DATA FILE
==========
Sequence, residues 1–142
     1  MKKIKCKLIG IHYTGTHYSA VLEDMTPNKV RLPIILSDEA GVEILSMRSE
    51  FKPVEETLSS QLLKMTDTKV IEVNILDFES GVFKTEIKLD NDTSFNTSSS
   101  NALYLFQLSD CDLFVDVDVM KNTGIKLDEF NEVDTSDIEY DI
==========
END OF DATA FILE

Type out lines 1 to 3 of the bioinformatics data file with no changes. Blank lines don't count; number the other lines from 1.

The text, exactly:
Sequence, residues 1–142
     1  MKKIKCKLIG IHYTGTHYSA VLEDMTPNKV RLPIILSDEA GVEILSMRSE
    51  FKPVEETLSS QLLKMTDTKV IEVNILDFES GVFKTEIKLD NDTSFNTSSS